I assume this young man was a young adult, probably about the age of a college student, and he probably had the answer to every one of life’s questions.  When I was that age I had no opinions – only facts.  I had an answer to every question and then some, none of which were my opinion – at least in my mind – but were hard, absolute facts.  It took me a long time to learn that I really didn’t have all the answers, and it took me a lot of heartache to learn many of life’s lessons.  Wouldn’t it be wonderful if we could learn from the experience and mistakes of others?  Why is it that most of us have to learn the hard way?

As I was reviewing this message yesterday, I realized that I had a lot of information, so I’m going to split it into two parts, with today being Part One.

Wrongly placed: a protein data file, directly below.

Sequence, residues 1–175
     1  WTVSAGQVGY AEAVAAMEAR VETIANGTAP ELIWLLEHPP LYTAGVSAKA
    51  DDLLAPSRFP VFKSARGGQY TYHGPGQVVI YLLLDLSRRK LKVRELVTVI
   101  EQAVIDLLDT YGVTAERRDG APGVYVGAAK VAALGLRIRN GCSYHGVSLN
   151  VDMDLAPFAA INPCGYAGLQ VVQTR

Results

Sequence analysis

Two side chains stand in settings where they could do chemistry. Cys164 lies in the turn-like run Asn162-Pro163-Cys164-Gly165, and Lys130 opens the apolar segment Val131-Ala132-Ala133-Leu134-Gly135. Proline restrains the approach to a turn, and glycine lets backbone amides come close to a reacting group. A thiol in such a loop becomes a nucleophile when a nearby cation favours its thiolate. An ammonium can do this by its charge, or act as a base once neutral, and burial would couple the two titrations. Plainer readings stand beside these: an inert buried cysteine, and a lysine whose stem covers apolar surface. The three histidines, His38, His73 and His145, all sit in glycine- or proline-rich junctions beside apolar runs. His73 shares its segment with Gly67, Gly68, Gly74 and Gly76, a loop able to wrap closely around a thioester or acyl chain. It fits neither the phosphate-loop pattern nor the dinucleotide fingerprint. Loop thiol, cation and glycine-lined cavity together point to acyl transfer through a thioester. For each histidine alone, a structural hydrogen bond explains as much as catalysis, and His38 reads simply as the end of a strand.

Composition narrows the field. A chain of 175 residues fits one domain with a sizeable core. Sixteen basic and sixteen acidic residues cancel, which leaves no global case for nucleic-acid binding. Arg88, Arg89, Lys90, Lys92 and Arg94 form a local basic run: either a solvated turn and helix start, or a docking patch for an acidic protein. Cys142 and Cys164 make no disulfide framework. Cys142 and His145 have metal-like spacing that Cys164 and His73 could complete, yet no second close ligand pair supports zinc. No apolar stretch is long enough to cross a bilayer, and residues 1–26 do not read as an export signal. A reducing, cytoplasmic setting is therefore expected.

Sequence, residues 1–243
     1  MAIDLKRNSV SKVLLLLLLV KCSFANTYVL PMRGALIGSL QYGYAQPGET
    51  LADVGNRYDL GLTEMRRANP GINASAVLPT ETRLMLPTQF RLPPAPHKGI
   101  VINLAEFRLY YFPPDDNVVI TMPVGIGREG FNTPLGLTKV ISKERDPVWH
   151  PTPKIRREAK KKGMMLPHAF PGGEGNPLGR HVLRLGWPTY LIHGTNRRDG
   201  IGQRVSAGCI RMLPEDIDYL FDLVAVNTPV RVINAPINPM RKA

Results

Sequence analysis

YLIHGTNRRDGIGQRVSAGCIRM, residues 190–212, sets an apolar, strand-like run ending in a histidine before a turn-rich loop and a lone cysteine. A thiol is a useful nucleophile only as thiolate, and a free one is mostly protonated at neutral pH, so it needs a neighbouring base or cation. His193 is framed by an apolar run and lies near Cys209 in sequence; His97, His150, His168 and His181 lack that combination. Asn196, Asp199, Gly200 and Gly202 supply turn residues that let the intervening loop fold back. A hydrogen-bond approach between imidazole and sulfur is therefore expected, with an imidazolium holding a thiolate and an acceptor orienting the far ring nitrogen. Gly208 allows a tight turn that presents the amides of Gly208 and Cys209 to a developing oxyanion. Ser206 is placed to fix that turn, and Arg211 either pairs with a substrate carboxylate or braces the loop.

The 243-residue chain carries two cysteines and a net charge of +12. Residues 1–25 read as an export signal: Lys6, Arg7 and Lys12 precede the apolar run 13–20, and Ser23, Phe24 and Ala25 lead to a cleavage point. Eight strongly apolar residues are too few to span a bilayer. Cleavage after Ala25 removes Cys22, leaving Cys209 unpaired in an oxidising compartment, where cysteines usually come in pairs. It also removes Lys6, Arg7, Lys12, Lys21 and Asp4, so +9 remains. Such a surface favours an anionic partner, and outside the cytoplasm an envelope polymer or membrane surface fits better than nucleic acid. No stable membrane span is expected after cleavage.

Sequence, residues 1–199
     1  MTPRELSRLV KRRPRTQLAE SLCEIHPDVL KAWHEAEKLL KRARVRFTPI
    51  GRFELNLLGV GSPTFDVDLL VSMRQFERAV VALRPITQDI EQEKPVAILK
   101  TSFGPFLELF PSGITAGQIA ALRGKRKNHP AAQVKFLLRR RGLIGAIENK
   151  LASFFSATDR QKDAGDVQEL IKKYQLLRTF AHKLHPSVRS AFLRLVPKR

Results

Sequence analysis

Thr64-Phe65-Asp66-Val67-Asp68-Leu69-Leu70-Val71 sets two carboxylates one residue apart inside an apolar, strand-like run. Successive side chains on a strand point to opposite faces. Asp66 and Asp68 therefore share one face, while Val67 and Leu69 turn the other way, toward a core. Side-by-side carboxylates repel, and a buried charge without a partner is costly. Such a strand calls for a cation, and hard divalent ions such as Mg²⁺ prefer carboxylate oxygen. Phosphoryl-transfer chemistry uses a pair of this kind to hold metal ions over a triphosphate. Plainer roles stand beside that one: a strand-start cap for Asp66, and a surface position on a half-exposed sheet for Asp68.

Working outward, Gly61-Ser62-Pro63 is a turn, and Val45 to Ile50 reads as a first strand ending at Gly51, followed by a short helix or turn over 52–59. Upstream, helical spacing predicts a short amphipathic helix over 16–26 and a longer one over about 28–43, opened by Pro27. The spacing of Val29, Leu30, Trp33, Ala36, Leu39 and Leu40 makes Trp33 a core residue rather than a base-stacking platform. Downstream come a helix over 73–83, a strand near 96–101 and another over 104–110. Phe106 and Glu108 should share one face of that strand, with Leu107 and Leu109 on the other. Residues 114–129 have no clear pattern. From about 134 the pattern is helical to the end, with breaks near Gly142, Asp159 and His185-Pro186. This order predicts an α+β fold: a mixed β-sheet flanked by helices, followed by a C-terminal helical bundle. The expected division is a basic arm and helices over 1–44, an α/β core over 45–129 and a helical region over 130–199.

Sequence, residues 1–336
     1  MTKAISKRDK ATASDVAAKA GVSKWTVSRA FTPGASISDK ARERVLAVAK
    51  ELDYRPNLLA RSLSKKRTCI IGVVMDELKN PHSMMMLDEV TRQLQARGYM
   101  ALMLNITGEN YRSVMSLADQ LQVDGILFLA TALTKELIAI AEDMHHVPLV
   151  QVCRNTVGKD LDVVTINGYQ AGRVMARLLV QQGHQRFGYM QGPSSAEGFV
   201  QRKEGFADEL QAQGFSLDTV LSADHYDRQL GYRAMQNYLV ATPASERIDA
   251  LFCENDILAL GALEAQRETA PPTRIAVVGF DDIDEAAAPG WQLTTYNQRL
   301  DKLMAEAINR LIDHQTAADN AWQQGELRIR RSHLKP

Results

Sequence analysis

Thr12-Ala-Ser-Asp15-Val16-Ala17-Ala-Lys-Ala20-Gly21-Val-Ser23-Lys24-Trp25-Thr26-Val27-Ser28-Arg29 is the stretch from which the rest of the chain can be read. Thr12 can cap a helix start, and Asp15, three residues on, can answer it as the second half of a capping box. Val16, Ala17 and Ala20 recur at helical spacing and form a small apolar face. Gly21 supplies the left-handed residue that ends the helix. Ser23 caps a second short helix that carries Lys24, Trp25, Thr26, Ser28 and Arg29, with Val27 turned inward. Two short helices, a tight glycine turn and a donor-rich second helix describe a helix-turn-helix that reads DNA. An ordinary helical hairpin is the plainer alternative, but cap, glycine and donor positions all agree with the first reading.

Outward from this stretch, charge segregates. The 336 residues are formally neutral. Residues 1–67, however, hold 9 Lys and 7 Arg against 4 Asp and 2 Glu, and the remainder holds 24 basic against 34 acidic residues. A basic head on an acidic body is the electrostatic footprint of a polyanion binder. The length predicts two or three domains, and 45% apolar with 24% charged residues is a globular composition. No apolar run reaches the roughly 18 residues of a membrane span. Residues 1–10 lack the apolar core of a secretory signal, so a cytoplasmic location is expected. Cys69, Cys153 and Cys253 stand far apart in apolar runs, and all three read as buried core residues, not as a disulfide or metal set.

1. The father wanted to give to his sons, but what he really wanted was their love.
Please don’t raise your hands, but how many of you parents have struggled and agonized over decisions your children have made?  How many of you have been broken-hearted with grief over those decisions?  How many of you have been awake at night, wondering where they were, what they were doing, and feeling powerless to fix the problems that came about because of some of their decisions?

Imagine the feelings of this father, as his younger son, in such a self-centered way, demanded his share of his father’s estate. He was in essence saying, I don’t have the time to wait until you are gone; I want my inheritance now! The son seemed to have absolutely no concern for how his demand would affect his father, and the father didn’t even object to the demand! I couldn’t even talk my father out of an advance on my allowance! In fact, I didn’t even get an allowance! (Can I get some pity?)